Fortunately for him, he is funny. Just ask the more than 300,000 people in 15 countries who’ve paid an average of $56 to see his latest routine. For the 53-year-old father of five, it’s been a grueling schedule: more than 75 cities in the past year, including whistle-stops like Letterkenny, a northern community of 20,000 that was once lauded as the Republic’s “tidiest town.”

READ MORE | Trevor Noah Is Laughing All The Way To The Bank

They may not offer much sizzle, but places like this are the lifeblood of Gaffigan’s business. He has raked in $30 million this year, putting him at No. 3 on Forbes’ list of the highest-earning stand-up comedians. Half of that was earned by putting “butts in seats.”

The rest comes from spreading his punch lines far and wide. And in this business, if those jokes are funny enough—and your reach wide enough—you can fill a lot of seats with a lot of butts. With the right distribution deal, those jokes can deliver exponential returns. But that’s where it gets a bit tricky.

“In the entertainment industry, every house is made of ice and it’s melting,” Gaffigan says. “So you’d better be building a new house.”  

Gaffigan’s been building. In 2016, he agreed to partner with Netflix, the industry’s dominant force and home to original specials from all but one of the comedians on Forbes’ ranking. Last year he cut loose from the kingmaker and placed a bigger bet on himself, pairing up with Comedy Dynamics, an independent producer, to release his next special everywhere but Netflix. 

Gaffigan will star in the first original stand-up special on Amazon, which is going after the streaming giant with a push into comedy. Quality Time goes live today, and it can be shopped on the open streaming market when its exclusive run with Amazon Prime Video is up in two years. And that market is only expanding.

Gaffigan has learned a bit about home building in the entertainment industry. He cut his teeth on the club circuit in the early 1990s, when HBO was the primary destination for stand-up specials and Comedy Central was a fledgling cable network.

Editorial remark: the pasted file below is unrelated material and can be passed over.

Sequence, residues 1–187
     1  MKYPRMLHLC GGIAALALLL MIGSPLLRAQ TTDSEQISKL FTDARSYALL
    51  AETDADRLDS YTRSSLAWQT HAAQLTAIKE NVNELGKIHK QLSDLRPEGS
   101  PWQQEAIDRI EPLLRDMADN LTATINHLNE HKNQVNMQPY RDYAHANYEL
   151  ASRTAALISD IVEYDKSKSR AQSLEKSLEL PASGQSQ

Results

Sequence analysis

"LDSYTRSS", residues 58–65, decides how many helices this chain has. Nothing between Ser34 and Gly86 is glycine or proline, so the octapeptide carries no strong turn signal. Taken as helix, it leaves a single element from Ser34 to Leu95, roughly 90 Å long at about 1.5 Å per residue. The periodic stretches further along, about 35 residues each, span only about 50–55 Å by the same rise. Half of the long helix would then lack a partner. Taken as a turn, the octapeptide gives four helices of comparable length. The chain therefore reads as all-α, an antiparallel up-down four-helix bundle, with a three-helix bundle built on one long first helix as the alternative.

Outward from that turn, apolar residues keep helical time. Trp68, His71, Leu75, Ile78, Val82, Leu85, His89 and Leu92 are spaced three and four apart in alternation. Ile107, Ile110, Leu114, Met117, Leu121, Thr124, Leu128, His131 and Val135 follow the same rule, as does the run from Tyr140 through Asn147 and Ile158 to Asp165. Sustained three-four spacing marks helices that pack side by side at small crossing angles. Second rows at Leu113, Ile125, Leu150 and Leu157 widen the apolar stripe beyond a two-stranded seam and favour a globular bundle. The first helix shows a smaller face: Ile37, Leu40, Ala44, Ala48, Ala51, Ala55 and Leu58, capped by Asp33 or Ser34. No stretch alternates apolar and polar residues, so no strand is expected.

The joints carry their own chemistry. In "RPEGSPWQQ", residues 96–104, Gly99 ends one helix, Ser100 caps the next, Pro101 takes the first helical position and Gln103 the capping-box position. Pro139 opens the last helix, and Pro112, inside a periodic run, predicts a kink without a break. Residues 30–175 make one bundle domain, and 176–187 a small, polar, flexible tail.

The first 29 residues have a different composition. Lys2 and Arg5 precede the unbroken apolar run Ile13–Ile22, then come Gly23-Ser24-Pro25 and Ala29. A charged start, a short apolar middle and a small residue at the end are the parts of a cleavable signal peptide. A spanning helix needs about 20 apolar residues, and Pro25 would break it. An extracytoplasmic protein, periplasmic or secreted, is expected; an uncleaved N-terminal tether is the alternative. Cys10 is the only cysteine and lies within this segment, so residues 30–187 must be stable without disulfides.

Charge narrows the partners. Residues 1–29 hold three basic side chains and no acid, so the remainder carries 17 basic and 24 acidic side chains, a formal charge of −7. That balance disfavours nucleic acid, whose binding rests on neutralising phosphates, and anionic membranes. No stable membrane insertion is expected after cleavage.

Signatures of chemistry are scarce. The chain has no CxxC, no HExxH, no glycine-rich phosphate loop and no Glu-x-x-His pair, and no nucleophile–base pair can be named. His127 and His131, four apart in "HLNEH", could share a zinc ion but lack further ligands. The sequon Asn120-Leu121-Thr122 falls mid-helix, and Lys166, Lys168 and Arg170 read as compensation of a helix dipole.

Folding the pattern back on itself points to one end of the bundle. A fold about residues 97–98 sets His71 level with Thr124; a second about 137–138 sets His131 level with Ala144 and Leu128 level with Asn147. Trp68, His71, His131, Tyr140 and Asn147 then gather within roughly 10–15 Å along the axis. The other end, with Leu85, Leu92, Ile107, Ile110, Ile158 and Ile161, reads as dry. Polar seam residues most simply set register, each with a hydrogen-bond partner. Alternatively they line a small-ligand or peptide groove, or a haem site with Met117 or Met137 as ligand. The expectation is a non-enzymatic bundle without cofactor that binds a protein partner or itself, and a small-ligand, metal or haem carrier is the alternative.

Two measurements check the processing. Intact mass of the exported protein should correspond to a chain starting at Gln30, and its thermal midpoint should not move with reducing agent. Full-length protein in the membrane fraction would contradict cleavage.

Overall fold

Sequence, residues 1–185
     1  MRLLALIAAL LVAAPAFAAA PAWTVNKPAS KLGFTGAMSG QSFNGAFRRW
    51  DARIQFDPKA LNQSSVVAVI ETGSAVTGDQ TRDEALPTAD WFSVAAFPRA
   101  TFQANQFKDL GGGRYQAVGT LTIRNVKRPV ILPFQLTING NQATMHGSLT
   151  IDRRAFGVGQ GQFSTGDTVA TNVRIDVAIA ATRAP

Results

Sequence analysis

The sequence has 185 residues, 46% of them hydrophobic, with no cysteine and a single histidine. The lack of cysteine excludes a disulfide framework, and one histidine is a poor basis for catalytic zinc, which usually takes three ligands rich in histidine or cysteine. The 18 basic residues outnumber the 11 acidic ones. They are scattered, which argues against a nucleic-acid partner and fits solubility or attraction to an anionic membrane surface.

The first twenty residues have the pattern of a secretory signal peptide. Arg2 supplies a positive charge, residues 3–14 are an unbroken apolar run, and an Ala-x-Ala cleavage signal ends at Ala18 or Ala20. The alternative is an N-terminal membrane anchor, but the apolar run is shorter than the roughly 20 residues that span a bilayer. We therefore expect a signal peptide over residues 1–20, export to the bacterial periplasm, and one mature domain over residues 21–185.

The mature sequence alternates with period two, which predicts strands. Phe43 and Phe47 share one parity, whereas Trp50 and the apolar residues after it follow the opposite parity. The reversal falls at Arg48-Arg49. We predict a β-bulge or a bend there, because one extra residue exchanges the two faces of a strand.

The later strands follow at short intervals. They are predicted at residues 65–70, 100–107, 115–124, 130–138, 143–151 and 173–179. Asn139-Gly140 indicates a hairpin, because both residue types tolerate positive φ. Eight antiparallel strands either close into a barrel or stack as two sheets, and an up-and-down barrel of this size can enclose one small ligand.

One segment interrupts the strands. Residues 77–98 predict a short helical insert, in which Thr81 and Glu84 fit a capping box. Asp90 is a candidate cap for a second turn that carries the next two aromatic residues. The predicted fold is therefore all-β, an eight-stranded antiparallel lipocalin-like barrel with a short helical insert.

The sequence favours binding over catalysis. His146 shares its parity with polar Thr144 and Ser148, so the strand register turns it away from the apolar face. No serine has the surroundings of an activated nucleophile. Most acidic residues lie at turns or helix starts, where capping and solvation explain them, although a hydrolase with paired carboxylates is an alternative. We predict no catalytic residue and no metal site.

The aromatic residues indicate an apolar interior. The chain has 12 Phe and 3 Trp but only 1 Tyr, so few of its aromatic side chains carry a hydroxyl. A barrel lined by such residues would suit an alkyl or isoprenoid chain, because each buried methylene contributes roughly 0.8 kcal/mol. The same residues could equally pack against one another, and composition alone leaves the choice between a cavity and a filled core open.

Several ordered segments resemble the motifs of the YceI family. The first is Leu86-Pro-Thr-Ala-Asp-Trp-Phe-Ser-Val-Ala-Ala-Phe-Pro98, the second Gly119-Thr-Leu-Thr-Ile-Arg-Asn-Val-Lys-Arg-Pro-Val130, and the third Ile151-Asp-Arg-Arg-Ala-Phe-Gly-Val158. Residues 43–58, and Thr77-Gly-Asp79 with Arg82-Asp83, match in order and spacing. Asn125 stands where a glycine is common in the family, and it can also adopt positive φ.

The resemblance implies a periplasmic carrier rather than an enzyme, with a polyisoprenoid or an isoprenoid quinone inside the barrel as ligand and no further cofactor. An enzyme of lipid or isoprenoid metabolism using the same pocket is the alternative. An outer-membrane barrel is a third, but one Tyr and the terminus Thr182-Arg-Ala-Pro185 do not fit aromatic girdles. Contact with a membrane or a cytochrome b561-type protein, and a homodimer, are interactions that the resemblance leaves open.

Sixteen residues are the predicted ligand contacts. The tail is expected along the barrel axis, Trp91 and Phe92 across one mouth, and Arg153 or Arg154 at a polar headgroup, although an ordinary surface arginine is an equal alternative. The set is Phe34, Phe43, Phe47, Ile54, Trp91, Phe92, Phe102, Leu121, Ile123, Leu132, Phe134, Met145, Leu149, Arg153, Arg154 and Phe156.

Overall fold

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In 2000, he landed what was then the holy grail of comedy success—a broadcast sitcom—which was the source of the fortunes the creators of Seinfeld and Roseanne minted once they had enough seasons on the air and could sell the series into syndication.

Gaffigan’s shot proved to be short-lived, but six years later he scored a second chance and headlined a Comedy Central special called Beyond the Pale. This time it paid dividends, landing him his first theater show a month later. The butts were now coming to the seats, and while his rise was live, in person, with microphone in hand, his breakout was digital.

At the time, YouTube was changing the rules of the game, providing comedians a global platform with unprecedented distribution. Then Twitter emerged, giving comedy bookers a real-time assessment of who was attracting audiences.

READ MORE | The World’s Highest-Paid Comedians Of 2018

Then came the debut of streaming on Netflix, which latched onto comedy as a cheap and effective way to lure subscribers, while some, notably the now disgraced Louis C.K., used streaming to control their own distribution, making their shows available for fans to purchase directly.

“It was a technological wave that crashed over the stand-up world,” says Wayne Federman, a comedian and professor of the history of stand-up at the University of Southern California. “And we’re still all trying to figure out what’s going on.”

Gaffigan’s first original Netflix special aired in 2017, long after the company had reshaped the industry. It was a promising place to be: Aziz Ansari and Ali Wong were propelled into superstar status through their Netflix specials, while household names like Dave Chappelle and Jerry Seinfeld reportedly cashed in with $60 million (Chappelle) and $100 million (Seinfeld) paydays in exchange for long-term, multi-program deals. Gaffigan’s first special, Cinco, sold for a more modest seven-figure sum.

Jim Gaffigan stand up comedy specials for Netflix and Amazon Original
COURTESY

It was more than just a check; it was access to a potential audience of nearly 94 million. Although Netflix’s subscriber base has grown since then, so has its stand-up library. The platform now shops nearly four times the number of original stand-up specials than when Cinco debuted.

That makes it harder to stand out in the scroll. Plus, the streamer often holds onto specials in perpetuity, including Cinco. The up-front money is nice, but there is no ability to earn on the back end. 

Gaffigan used his next special, 2018’s Noble Ape, which was directed and cowritten by his wife, Jeannie Gaffigan, to test the waters. Comedy Dynamics bought the rights and made it available everywhere Netflix wasn’t. It had a theatrical release and could be purchased and rented on multiple services, including  iTunes, YouTube and Walmart’s VUDU.

Later, there were short streaming windows on Comedy Central and Amazon Prime. According to Comedy Dynamics CEO Brian Volk-Weiss, it was even syndicated to planes and cruise ships. The up-front payment to Gaffigan from Comedy Dynamics was lower than at Netflix, but the wide distribution allowed him to earn on the back end, bringing in a total of $10 million, according to Forbes estimates.

READ MORE | Burna Boy’s The African Giant Debuts On The Daily Show With Trevor Noah